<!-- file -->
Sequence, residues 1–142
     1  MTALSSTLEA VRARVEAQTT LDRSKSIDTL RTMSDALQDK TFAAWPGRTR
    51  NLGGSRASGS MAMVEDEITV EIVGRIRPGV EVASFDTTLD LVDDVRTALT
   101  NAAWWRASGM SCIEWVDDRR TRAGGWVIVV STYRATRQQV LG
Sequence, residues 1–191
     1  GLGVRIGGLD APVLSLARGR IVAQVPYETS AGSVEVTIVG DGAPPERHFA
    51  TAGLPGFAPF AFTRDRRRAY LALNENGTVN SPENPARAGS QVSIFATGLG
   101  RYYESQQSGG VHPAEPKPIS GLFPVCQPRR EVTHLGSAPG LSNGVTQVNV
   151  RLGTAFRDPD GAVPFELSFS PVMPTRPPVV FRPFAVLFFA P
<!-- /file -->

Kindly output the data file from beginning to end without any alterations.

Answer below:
Sequence, residues 1–142
     1  MTALSSTLEA VRARVEAQTT LDRSKSIDTL RTMSDALQDK TFAAWPGRTR
    51  NLGGSRASGS MAMVEDEITV EIVGRIRPGV EVASFDTTLD LVDDVRTALT
   101  NAAWWRASGM SCIEWVDDRR TRAGGWVIVV STYRATRQQV LG
Sequence, residues 1–191
     1  GLGVRIGGLD APVLSLARGR IVAQVPYETS AGSVEVTIVG DGAPPERHFA
    51  TAGLPGFAPF AFTRDRRRAY LALNENGTVN SPENPARAGS QVSIFATGLG
   101  RYYESQQSGG VHPAEPKPIS GLFPVCQPRR EVTHLGSAPG LSNGVTQVNV
   151  RLGTAFRDPD GAVPFELSFS PVMPTRPPVV FRPFAVLFFA P